While we are currently not meeting physically, you can watch our weekly service live on YouTube every Sunday at 10:00am


Devotions on the Book of Job (Thursday, Week 13)

July 21, 2016 | by: Ben O'Donoghue | 0 Comments

Posted in:
Devotions |

This week we are looking at the newcomer to the “let’s fix Job" mix- the young and fired-up Elihu. Christopher Ash is right when he says that there are only two ways we can listen to Elihu: either he is a false prophet or he is a true prophet. Ash argues for the latter (as summarised in Tuesday’s devotion). For what it’s worth, I disagree and take the false-prophet option.

Like much of the book, it’s not always easy to discern who is speaking rightly and who is speaking wrongly. Admittedly, Elihu says some right-sounding things. And yet, when all is said and done it seems to miss the mark. Elihu provides yet another example of the right words spoken to the wrong man!

The fact that no one responds to Elihu- not Job, not the other friends, and notably not God who speaks immediately after him, make interpreting his speeches somewhat ambiguous. And yet, there are good reasons for reading Job 32-37 as nothing more than a buffer before God Almighty himself speaks.

For a start, the narrator introduces Elihu as an angry (angry, angry, angry) man (see Job 32, verses 2 (twice), 3 and 4)- not the most positive of first impressions! It’s unlikely that he speaks with the righteous anger of God, because this does not reflect God’s posture toward Job at the beginning and end of the book.

While he does take a subtly different approach in rebuking Job, there is not a significant variation to his ultimate message (one commentator suggests that “Elihu’s speeches are no more than a pastiche of threadbare arguments already discarded”). Perhaps the most original part of Elihu’s tirade is his observation that suffering can be seen as discipline as distinct from flat-out punishment (see Job 33:14-30 where Elihu teaches that a person can be chastised through suffering in order to bring them closer to God).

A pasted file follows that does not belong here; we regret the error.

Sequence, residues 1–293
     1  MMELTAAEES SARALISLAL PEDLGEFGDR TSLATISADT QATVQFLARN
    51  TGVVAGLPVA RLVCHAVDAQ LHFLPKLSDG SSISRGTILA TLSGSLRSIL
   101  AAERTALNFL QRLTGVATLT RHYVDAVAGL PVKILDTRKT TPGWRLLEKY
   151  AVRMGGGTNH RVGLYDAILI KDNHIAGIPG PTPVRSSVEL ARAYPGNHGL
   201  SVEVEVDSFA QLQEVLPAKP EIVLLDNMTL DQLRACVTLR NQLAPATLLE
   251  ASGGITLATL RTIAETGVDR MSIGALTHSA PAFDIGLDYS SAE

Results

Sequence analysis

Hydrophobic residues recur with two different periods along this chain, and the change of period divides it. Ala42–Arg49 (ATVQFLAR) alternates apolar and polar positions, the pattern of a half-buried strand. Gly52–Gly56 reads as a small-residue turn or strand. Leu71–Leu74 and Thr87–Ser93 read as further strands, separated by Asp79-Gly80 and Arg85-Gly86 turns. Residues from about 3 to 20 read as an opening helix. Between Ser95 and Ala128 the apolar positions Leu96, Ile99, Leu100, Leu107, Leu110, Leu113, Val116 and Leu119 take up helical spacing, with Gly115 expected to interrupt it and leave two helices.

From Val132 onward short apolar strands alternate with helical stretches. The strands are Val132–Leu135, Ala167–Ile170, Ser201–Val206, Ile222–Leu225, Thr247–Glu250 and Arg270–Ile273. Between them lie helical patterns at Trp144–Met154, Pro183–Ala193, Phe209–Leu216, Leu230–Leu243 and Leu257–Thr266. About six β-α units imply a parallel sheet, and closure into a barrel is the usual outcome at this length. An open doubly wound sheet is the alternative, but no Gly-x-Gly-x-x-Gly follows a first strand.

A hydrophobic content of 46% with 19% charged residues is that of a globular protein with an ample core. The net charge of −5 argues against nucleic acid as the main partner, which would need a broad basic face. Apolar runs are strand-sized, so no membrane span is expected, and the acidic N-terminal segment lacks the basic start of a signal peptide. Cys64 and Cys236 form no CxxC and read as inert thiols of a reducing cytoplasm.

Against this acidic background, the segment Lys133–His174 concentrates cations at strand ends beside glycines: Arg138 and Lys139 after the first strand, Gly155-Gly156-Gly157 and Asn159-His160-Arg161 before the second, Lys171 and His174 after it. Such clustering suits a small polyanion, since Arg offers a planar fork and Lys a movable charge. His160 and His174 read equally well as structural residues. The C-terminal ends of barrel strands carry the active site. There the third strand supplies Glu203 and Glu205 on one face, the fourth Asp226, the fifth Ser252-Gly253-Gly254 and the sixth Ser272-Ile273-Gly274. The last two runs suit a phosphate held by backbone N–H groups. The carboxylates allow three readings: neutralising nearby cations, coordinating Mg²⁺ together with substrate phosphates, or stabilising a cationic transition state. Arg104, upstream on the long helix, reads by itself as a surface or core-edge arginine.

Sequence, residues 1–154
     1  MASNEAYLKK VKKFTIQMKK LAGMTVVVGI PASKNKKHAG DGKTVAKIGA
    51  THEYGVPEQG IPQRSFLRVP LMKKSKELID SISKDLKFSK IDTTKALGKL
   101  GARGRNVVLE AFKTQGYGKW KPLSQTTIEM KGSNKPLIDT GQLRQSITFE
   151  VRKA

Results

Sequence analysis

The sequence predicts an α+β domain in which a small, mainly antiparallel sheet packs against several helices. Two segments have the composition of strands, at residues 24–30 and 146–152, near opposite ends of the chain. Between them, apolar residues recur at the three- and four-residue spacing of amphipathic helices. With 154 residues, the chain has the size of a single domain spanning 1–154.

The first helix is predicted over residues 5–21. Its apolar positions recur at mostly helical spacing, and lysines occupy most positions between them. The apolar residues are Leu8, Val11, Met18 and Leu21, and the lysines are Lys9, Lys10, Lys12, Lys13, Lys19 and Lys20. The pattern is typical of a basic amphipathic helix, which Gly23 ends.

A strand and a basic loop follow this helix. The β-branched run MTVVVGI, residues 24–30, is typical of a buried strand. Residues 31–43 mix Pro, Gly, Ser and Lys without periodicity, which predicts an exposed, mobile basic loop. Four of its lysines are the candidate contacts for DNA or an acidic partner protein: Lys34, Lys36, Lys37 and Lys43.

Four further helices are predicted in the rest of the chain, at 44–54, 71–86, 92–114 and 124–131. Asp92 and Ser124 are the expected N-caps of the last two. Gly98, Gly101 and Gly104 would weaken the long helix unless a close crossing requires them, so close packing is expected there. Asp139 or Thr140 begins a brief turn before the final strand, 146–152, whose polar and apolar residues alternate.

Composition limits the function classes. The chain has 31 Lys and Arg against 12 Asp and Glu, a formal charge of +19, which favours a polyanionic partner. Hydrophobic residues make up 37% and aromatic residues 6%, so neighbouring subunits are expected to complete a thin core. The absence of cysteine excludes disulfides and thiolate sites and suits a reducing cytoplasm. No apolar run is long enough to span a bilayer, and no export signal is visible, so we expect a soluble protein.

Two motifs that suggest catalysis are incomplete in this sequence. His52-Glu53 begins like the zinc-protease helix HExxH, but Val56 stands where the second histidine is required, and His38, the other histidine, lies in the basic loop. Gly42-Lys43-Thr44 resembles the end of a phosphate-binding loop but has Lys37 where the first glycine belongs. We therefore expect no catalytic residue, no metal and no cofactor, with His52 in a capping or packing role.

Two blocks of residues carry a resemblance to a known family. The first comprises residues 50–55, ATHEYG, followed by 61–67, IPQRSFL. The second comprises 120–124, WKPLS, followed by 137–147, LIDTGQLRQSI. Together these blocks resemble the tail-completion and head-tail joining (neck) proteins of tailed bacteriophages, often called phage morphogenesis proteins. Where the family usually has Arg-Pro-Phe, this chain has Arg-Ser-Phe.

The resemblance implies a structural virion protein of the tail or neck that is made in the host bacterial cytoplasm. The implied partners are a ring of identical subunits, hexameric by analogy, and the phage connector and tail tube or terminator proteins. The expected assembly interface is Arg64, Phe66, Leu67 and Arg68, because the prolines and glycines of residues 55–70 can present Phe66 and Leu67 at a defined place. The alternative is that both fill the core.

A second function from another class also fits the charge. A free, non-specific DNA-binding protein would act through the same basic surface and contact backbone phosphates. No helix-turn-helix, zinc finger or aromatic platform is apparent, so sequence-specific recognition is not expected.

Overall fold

This is indeed a biblical theme (see Deuteronomy 8:5, Proverbs 3:11-13 and Hebrews 12:5-11), but it is not expressed anywhere else in the book, let alone from God himself. So again, we must be wary in giving too much weight to Elihu’s words in the context what is yet to come.

Ironically, Elihu is convinced that God will not speak with Job and so it is left to him to speak on God’s behalf (see Job 35:12–13). God’s immediate appearance serves to dismiss and undermine Elihu’s claims.

The most likely function of these chapters is to provide space between Job’s summons (31:35-37) and God’s appearance. Throughout the Book of Job, God is pictured as freely sovereign, and can be found only when he takes the initiative to reveal himself. If God were to appear immediately on Job’s summons, he could hardly make a powerful speech about his sovereignty over the universe.

For me, though, the most damning words from Elihu’s mouth are when he says “Be assured that my words are not false; one perfect in knowledge is with you” (Job 36:4) By claiming to know perfectly what is going on, Elihu joins the host of characters who show they lack wisdom. As we saw last week, one of the key messages of this book is a realisation of the limitations of human understanding.

Thus (as Andersen puts it), “Elihu gives the human estimate; Yahweh gives the divine appraisal”. And so to the Word of the Lord we turn together on Sunday!

Comments for this post have been disabled.